[v] Trius-Soler M, Marhuenda-Muñoz M, Laveriano-Santos EP, Martínez-Huélamo M, Sasot G, Storniolo CE, et al. Moderate consumption of beer (with and without ethanol) and menopausal symptoms: Results from a parallel clinical trial in postmenopausal women. Nutrients. 2021 Jun 30;13(7):2278. doi:10.3390/nu13072278

[vi] Nogueira LC, do Rio RF, Lollo PC, Ferreira IMPLVO. Moderate alcoholic beer consumption: The effects on the lipid profile and insulin sensitivity of adult men. Journal of Food Science. 2017 Jun 16;82(7):1720–5. doi:10.1111/1750-3841.13746

[vii] Snopek L, Mlcek J, Sochorova L, Baron M, Hlavacova I, Jurikova T, Kizek R, Sedlackova E, Sochor J. Contribution of Red Wine Consumption to Human Health Protection. Molecules. 2018 Jul 11;23(7):1684. doi: 10.3390/molecules23071684. PMID: 29997312; PMCID: PMC6099584.

[viii] Lila MA. Anthocyanins and Human Health: An In Vitro Investigative Approach. J Biomed Biotechnol. 2004;2004(5):306-313. doi: 10.1155/S111072430440401X. PMID: 15577194; PMCID: PMC1082894.

[ix] Buljeta I, Pichler A, Šimunović J, Kopjar M. Beneficial Effects of Red Wine Polyphenols on Human Health: Comprehensive Review. Curr Issues Mol Biol. 2023 Jan 17;45(2):782-798. doi: 10.3390/cimb45020052. PMID: 36825997; PMCID: PMC9955827.

[x] Castaldo L, Narváez A, Izzo L, Graziani G, Gaspari A, Minno GD, Ritieni A. Red Wine Consumption and Cardiovascular Health. Molecules. 2019 Oct 8;24(19):3626. doi: 10.3390/molecules24193626. PMID: 31597344; PMCID: PMC6804046.

[xi] Ferrières J. The French paradox: lessons for other countries. Heart. 2004 Jan;90(1):107-11. doi: 10.1136/heart.90.1.107. PMID: 14676260; PMCID: PMC1768013.

[xii] Pandey KB, Rizvi SI. Plant polyphenols as dietary antioxidants in human health and disease. Oxid Med Cell Longev. 2009 Nov-Dec;2(5):270-8. doi: 10.4161/oxim.2.5.9498. PMID: 20716914; PMCID: PMC2835915.

[xiii] 1. Le Roy CI, Wells PM, Si J, Raes J, Bell JT, Spector TD. Red wine consumption associated with increased gut microbiota α-diversity in 3 independent cohorts. Gastroenterology. 2020 Jan;158(1). doi:10.1053/j.gastro.2019.08.024

[xiv] Snopek L, Mlcek J, Sochorova L, Baron M, Hlavacova I, Jurikova T, Kizek R, Sedlackova E, Sochor J. Contribution of Red Wine Consumption to Human Health Protection. Molecules. 2018 Jul 11;23(7):1684. doi: 10.3390/molecules23071684. PMID: 29997312; PMCID: PMC6099584.

[xv] Cordova AC, Sumpio BE. Polyphenols are medicine: Is it time to prescribe red wine for our patients? Int J Angiol. 2009 Fall;18(3):111-7. doi: 10.1055/s-0031-1278336. PMID: 22477510; PMCID: PMC2903024.

[xvi] Athyros VG, Liberopoulos EN, Mikhailidis DP, Papageorgiou AA, Ganotakis ES, Tziomalos K, et al. Association of drinking pattern and alcohol beverage type with the prevalence of metabolic syndrome, diabetes, coronary heart disease, stroke, and peripheral arterial disease in a Mediterranean cohort. Angiology. 2007 Nov 7;58(6):689–97. doi:10.1177/0003319707306146

[xvii] Shin JH, Kim CS, Cha L, Kim S, Lee S, Chae S, Chun WY, Shin DM. Consumption of 85% cocoa dark chocolate improves mood in association with gut microbial changes in healthy adults: a randomized controlled trial. J Nutr Biochem. 2022 Jan;99:108854. doi: 10.1016/j.jnutbio.2021.108854. Epub 2021 Sep 14. PMID: 34530112.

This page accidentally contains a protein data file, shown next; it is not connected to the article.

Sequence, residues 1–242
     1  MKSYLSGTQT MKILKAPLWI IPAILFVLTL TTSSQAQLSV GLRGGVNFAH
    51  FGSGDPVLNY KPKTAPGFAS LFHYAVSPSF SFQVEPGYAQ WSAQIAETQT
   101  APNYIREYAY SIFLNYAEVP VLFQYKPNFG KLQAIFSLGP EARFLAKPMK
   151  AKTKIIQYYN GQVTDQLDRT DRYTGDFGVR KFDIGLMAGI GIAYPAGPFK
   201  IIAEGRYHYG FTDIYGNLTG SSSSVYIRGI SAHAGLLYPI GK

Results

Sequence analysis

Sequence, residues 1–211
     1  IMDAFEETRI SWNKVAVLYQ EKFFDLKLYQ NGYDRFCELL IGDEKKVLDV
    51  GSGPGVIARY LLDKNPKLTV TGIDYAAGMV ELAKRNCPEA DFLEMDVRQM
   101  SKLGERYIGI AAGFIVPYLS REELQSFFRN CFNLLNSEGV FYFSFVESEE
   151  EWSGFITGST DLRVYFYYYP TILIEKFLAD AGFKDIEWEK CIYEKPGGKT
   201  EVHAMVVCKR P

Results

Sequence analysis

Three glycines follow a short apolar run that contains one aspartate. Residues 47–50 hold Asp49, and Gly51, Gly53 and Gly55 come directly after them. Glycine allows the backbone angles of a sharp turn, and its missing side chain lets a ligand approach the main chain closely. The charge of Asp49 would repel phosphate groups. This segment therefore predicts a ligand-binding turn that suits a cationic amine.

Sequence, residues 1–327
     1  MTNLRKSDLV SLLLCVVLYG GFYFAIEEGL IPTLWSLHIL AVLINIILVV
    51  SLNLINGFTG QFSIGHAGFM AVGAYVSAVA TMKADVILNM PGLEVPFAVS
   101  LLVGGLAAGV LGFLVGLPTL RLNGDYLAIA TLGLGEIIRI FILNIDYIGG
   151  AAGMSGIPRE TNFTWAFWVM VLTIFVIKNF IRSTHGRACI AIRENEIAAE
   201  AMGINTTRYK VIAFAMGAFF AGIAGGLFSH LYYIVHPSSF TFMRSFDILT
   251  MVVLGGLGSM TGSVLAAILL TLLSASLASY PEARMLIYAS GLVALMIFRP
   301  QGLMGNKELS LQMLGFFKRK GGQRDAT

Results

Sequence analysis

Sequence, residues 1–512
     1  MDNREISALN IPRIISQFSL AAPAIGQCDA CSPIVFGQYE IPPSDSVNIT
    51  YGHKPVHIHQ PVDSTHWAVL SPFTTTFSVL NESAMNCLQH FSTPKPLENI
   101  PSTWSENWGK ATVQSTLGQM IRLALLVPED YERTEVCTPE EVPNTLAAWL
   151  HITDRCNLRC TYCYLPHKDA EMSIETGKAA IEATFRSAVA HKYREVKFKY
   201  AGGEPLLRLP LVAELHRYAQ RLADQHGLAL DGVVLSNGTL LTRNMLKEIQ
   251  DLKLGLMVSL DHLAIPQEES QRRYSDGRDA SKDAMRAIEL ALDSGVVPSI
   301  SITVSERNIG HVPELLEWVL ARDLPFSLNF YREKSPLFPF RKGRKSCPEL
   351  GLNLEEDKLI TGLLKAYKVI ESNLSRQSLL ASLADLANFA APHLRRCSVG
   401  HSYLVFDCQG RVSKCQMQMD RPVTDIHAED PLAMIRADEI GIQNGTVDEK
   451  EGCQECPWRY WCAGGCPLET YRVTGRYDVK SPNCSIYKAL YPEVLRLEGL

[xviii] Chiva-Blanch G, Urpi-Sarda M, Ros E, Arranz S, Valderas-Martínez P, Casas R, et al. Dealcoholized red wine decreases systolic and diastolic blood pressure and increases plasma nitric oxide. Circulation Research. 2012 Sept 28;111(8):1065–8. doi:10.1161/circresaha.112.275636

[xix] Cani, P.D., Depommier, C., Derrien, M. et al. Akkermansia muciniphila: paradigm for next-generation beneficial microorganisms. Nat Rev Gastroenterol Hepatol 19, 625–637 (2022). https://doi.org/10.1038/s41575-022-00631-9

[xx] Bland J. Intestinal Microbiome, Akkermansia muciniphila, and Medical Nutrition Therapy. Integr Med (Encinitas). 2016 Oct;15(5):14-16. PMID: 27980489; PMCID: PMC5145007.

[xxi] Ryan JJ, Monteagudo-Mera A, Contractor N, Gibson GR. Impact of 2'-Fucosyllactose on Gut Microbiota Composition in Adults with Chronic Gastrointestinal Conditions: Batch Culture Fermentation Model and Pilot Clinical Trial Findings. Nutrients. 2021 Mar 14;13(3):938. doi: 10.3390/nu13030938. PMID: 33799455; PMCID: PMC7998190.

[xxii] Ryan JJ, Monteagudo-Mera A, Contractor N, Gibson GR. Impact of 2'-Fucosyllactose on Gut Microbiota Composition in Adults with Chronic Gastrointestinal Conditions: Batch Culture Fermentation Model and Pilot Clinical Trial Findings. Nutrients. 2021 Mar 14;13(3):938. doi: 10.3390/nu13030938. PMID: 33799455; PMCID: PMC7998190.

[xxiii] Palsson OS, Peery A, Seitzberg D, Amundsen ID, McConnell B, Simrén M. Human Milk Oligosaccharides Support Normal Bowel Function and Improve Symptoms of Irritable Bowel Syndrome: A Multicenter, Open-Label Trial. Clin Transl Gastroenterol. 2020 Dec;11(12):e00276. doi: 10.14309/ctg.0000000000000276. PMID: 33512807; PMCID: PMC7721220.

[xxiv] Cho S, Zhu Z, Li T, Baluyot K, Howell BR, Hazlett HC, Elison JT, Hauser J, Sprenger N, Wu D, Lin W. Human milk 3'-Sialyllactose is positively associated with language development during infancy. Am J Clin Nutr. 2021 Aug 2;114(2):588-597. doi: 10.1093/ajcn/nqab103. PMID: 34020453; PMCID: PMC8326052.